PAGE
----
Why? There are no princes left to marry there and Kate has never acquired a job through her own merit. Going to St Andrews because Kate/William went there is pathetic. Cute couple though!
Applications will increase due to the extensive media coverage that St Andrews as had and I'm sure that many girls would like the idea to follow in the footsteps of Kate!
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michael clayton
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#25
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(Original post by Cinnamon_Twist)
What footsteps!? The girl has never held down a proper job acquired through her own merit rather than family connections! The majority of applicants will not have family connections like hers so following her path will not get them a job. Besides there are no princes left in St Andrews to marry so how are they going to follow in her footsteps?
The royal wedding has put Kate and William's popularity is at an all time high, St Andrews has had glamorous publicity for educating the future king and queen.....more people are now going to want to study there. I don't know what securing a job has to do with anything.
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michael clayton
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#26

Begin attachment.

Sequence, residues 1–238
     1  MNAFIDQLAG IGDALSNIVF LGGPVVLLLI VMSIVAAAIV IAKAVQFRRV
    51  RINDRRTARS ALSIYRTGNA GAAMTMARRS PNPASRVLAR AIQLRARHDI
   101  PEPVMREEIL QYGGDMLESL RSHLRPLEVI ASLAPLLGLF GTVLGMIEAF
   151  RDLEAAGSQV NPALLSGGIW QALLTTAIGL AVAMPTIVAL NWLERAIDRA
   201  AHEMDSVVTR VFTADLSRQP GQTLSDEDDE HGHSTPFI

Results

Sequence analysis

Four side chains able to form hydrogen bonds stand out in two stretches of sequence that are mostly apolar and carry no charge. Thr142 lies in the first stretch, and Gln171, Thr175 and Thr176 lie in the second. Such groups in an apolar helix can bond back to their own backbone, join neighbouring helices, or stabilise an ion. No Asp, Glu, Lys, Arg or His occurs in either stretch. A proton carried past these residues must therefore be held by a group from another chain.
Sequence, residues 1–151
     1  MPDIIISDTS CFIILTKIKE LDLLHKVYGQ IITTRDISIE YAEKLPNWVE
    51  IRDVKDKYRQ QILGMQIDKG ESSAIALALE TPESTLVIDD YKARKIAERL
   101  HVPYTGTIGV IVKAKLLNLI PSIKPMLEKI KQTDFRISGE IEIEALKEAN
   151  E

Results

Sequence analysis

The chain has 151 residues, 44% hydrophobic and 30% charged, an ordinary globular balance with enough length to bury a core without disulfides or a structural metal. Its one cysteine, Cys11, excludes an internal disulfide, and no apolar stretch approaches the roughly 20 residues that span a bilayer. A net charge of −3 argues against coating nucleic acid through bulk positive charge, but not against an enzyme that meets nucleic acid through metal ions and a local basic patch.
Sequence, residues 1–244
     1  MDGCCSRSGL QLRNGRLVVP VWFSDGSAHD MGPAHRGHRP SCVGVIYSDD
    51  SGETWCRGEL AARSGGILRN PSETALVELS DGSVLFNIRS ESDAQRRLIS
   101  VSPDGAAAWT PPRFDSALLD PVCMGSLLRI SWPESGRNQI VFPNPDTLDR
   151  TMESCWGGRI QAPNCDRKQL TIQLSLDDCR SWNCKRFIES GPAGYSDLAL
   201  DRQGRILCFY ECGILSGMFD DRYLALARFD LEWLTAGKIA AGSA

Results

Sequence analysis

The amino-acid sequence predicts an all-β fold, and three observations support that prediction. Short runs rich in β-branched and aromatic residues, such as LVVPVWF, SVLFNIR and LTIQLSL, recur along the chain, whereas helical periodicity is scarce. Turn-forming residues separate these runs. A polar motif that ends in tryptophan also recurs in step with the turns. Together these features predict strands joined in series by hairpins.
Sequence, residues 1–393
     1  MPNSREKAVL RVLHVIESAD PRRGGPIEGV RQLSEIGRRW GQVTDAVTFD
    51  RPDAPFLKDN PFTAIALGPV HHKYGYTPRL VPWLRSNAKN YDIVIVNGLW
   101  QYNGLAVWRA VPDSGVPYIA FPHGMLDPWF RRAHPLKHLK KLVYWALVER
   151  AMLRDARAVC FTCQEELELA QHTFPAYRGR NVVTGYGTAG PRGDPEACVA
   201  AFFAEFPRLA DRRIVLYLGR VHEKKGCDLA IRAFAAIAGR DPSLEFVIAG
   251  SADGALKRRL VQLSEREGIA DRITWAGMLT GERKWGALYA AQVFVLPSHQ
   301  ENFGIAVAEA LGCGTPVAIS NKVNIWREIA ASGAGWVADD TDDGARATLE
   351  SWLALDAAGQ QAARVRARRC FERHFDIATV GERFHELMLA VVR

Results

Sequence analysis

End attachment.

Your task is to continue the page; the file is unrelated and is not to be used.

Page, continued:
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(Original post by Cinnamon_Twist)
Yes unfortunately it's true but it will probably die down a bit in the months to come. Hopefully the ones dumb enough to try out on this logic will not be admitted leaving spaces for people who actually want to learn not because they think it's glamorous. As for the job- isn't that (in most cases) why people go to uni? To secure a job? I mean, would you take up Medicine or do a Law course for fun? No, you do it to enter that profession.
Oh when I said securing a job I meant in relation to Kate's path of not finding one on her own accord. I have no idea what Art History graduates do following graduation other than perhaps working in galleries/museums. I think it's one of those subjects that people study because they have a passion for it as opposed to having high flying job ambitions but I could be wrong.
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De Lubac